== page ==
Back on the bus at 5:30 pm, we arrived back at Black Bear Campground shortly before 7 pm. The cost for all of this, you asked? A mere $90 per person, with our super informative and funny tour guide, Al Kaufman.

Today we traveled from Black Bear, via I-17, to Endicott, NY, not only the home of IBM, but our new home as well, at Pine Valley Campground. Aaahhhhhh!!!! I needed this. Initially we had planned on staying for two nights, but the weather and scenery were so perfect, we extended for two more. We both agreed, this little campground was really a diamond in the rough, and we can highly recommend it to anyone; as close to a 10 as we have found.

After a day of R&R, we ventured to Watkins Glen. CC and I were both amazed at the numerous waterfalls cascading down the gorge.

We then proceeded to tour a few of the 34 wineries located on the hillsides of beautiful Lake Seneca. After stopping and doing some wine tasting, and purchased a few bottles, we departed for the 90 minute drive back to our home. Since I was the designated driver, I sampled, but did not swallow; I left that task to CC. (OK Carl, Rick, Dave, Terry or George; no comments on that last statement. This blog is Rated RV-13)

Travel days come too quickly, but we have places to go and people to see. We departed Endicott via I-17 in route to Niagara Falls, and got set up at our new home for the next few days, the AA Motel and Campground. (Definitely NOT a 10, but one of the closest RV parks to the Falls in the area, and NOT a bargain at $49.95 per night for 30 amp service)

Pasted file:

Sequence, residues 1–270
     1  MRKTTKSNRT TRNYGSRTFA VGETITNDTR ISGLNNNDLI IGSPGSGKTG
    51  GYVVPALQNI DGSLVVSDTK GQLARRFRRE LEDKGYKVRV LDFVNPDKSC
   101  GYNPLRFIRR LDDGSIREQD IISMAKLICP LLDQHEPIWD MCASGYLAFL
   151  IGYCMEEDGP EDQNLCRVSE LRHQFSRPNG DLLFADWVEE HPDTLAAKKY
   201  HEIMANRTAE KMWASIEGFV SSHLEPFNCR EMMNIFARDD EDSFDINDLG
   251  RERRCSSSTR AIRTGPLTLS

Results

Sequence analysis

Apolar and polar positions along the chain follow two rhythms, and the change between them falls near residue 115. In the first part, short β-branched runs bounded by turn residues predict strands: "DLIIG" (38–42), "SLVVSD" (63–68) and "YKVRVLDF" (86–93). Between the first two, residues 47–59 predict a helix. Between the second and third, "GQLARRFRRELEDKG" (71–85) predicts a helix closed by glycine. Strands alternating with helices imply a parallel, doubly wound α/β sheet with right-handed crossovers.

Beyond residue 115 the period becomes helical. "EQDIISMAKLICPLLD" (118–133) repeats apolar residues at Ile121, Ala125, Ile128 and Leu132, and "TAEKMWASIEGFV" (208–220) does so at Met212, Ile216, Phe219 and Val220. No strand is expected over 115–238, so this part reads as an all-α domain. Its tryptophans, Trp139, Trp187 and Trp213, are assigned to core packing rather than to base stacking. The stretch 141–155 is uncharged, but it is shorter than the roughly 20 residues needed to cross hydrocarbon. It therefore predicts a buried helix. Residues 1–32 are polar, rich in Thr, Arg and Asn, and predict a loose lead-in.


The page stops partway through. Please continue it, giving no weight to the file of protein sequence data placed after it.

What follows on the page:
We decided on the four hour tour of Niagara Falls that departed at 5:30 pm, and doing so would give CC the opportunity to see the falls illuminated at night. I think I’ll let the pictures speak for themselves.

Thus ends our Eastern Adventure. Tomorrow we venture westward, back to God’s country. Thanks for stopping by. Until next time, take care and stay well………………….

Sunday, June 12, 2011

June 7 - 12, 2011 "Atlantic City to Florida (NY)"

We departed Bull Run Regional Park in Centreville, VA at 10:00 am, hoping to miss rush hour, but that wasn’t the case. Stop and go traffic as we skirted around Washington DC on I-495, it finally broke as we neared Baltimore, but only briefly, and we were once again in the yin and yang of it. Our Garmin Nuvi said it was 169 miles to Atlantic City, with an ETA of 1:30 pm, but we decided to stop for lunch and quench the thirst of Ms. Sol Crucero just north of Baltimore in Aberdeen, MD.

Finding a gas station with easy in and out accessibility for the rig plus toad is always a challenge when you’re pushing 60 feet in length.  Sometimes we get lucky and find one in close proximity to a large parking lot to have lunch, as was the case today.
Back on the road, passing through Delaware and into New Jersey, we finally arrived at our home for the next few days, Chestnut Lake RV Park, shortly after 3:30 pm. After getting set up, we were both ready for an adult beverage, as the temp was 101. Today was a first in our travels; moving through four states in one day.